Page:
LAKE BUENA VISTA, Fla. -- The winter meetings are over. We return you to your regularly scheduled programming, the Red Sox having done nothing here to warrant your attention for four days.
But just because Sox general manager Ben Cherington did not make an appearance in the hotel ballroom where trades and signings were announced this week does not mean he has checked off all the items on his to-do list. There is unfinished business that he will address in the 58 days until the equipment truck departs Yawkey Way for spring training on Feb. 8, with pitchers and catchers due to report a week later.
There are two items that lead his agenda:
Determining whether Stephen Drew will be part of the Red Sox future. That may take a while, but there remains mutual interest, and if agent Scott Boras isn’t able to conjure the right multi-year deal, Drew could well be headed back to the Sox. If not, a backup shortstop will be sought.
Sifting through the trade proposals Cherington is likely to receive from the teams who will become increasingly desperate for a starting pitcher after they whiff on signing some of the free agents that are available. The pitching market has been slow to develop, especially at the upper end, where teams are still trying to determine whether Japanese star Masahiro Tanaka will be posted, and Matt Garza, Ervin Santana and Bronson Arroyo remain unsigned.
So far, at least a dozen starting pitchers have either signed a new deal, come to terms on a new deal, or are reported to have come to terms with a club on a new deal. Hiroki Kuroda returned to the Yankees. Bartolo Colon signed with the Mets. Phil Hughes and Ricky Nolasco went to the Twins. Scott Kazmir was signed by the Athletics. Tim Hudson signed with the Giants. Dan Haren signed with the Dodgers. Jason Vargas signed with the Royals.
That hardly exhausts the list of teams looking for pitchers. Potential trading partners abound: The Angels, Diamondbacks, Cubs, Dodgers, Giants, Indians are among the many teams in need of more pitching. Those teams left out on Garza, Santana and (maybe) Tanaka, as well as others looking to upgrade their rotations, will be motivated to engage Cherington in conversations about three veteran Sox starters: John Lackey, Jake Peavy and Ryan Dempster. Lackey would bring the greatest return and has the most team-friendly contract. Dempster, who was dropped from the rotation, is the pitcher the Sox would probably be most willing to move.
“I wouldn’t say it’s definite the Sox will move a pitcher,’’ said one baseball source with direct knowledge of the Sox’s thinking, “but I would bet they will.’’
The Red Sox could trade one of those three and still have a rotation of five veterans, with Jon Lester, Clay Buchholz and Felix Doubront filling three of the spots. Promising rookies Brandon Workman and Allen Webster both started games for the Sox last season, and head a group of young pitchers that could pitch at the big-league level next season.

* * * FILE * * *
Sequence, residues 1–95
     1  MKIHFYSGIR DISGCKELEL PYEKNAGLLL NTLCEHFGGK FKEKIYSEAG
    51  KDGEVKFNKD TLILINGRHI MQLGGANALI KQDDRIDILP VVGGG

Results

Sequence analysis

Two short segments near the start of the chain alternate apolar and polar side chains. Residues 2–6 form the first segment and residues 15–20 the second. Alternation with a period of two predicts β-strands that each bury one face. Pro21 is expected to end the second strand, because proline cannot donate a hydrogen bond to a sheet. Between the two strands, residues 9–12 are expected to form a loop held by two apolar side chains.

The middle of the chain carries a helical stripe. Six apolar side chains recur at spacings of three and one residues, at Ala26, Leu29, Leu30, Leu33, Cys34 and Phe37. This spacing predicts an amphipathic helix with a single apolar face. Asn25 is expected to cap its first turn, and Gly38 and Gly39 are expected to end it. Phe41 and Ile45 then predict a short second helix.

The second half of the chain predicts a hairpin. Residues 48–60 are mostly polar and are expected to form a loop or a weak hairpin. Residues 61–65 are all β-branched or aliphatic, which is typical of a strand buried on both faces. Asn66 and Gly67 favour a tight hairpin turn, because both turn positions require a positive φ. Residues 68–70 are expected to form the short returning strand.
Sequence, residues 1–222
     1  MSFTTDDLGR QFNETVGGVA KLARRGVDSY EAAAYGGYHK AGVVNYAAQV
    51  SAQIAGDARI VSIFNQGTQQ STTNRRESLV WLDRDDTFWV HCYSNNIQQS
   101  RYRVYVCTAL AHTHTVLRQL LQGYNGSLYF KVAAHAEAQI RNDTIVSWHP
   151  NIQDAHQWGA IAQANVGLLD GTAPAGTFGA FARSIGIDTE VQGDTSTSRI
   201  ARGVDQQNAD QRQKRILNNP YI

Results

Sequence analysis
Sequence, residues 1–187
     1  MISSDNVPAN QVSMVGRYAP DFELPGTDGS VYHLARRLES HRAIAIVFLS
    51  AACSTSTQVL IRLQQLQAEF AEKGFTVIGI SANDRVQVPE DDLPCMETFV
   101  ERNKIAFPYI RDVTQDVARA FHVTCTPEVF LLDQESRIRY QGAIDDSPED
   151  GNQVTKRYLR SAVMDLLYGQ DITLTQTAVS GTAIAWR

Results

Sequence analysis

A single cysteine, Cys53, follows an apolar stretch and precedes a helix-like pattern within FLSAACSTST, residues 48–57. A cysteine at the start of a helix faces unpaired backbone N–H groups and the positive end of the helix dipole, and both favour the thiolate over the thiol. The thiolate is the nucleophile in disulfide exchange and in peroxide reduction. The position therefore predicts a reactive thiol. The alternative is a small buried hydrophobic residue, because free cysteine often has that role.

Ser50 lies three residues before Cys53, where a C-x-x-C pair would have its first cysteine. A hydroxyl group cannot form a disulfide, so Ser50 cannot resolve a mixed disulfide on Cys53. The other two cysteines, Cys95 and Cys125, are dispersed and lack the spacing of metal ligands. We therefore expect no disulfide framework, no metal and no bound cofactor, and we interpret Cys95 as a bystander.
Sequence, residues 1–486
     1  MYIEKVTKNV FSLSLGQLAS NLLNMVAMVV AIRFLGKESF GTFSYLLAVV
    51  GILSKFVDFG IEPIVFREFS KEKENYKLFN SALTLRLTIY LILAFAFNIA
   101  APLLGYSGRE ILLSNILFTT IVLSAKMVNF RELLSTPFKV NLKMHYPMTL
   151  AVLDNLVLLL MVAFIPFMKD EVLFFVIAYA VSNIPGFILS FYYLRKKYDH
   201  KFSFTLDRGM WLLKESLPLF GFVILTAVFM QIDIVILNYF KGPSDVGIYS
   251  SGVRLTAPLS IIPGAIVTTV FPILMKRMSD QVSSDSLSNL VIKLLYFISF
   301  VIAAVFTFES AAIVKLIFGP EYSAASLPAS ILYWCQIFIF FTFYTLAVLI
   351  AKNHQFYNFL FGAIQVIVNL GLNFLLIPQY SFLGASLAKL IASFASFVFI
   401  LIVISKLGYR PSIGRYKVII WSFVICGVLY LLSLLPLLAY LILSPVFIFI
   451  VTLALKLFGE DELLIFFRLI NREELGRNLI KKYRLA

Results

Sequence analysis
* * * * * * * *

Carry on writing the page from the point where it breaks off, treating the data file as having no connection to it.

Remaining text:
Cherington has played down the likelihood of trading a starter, but the guess here is that eventually he will, for two reasons: greater financial flexibility should the Sox elect to make another move, and a chance to pick up a decent prospect or two.
The Sox could still patch and fill with another outfielder, preferably one who could play center, but unless they choose to revisit the Matt Kemp scenario in the spring after the Dodgers outfielder proves he is healthy, Cherington might be content to add big-league depth on the Triple-A level. Daniel Nava proved that he could handle right field when Shane Victorino was unavailable, so that makes it easier to stand pat in the outfield, with Mike Carp also in line to get more playing time after proving to be a valuable bench piece.
The Sox are expected to make the Mike Napoli signing official, perhaps as soon as Thursday night, and soon Cherington and his staff will be turning their attention to signing their arbitration-eligible players. The Sox have five such players, and according to projections made by the reliable Matt Swartz of MLBTradeRumors.com, they can expect to pay around $8.3 million to sign newcomer Burke Badenhop ($2.1 million), Andrew Miller ($1.9 million), Franklin Morales ($1.8 million), Carp ($1.3 million), and Junichi Tazawa ($1.1 million).
Counting Napoli ($16 million in 2014), the Sox have committed to around $151 million in guaranteed salaries to 15 players. Factor in the arb-eligible players, the payroll is around $160 million. Add another $4 to $5 million to sign the rest of the players on the 40-man roster, the $3.9 million the Sox are paying the Dodgers as part of the 2012 megatrade, and the nearly $11 million in medical benefits that are calculated for luxury tax purposes, and the Sox are approaching $180 million.
That’s still under the $189 million luxury-tax threshold, but if the Sox intend to add Drew and stay under the threshold, moving one of their eight-figure starters becomes more pressing.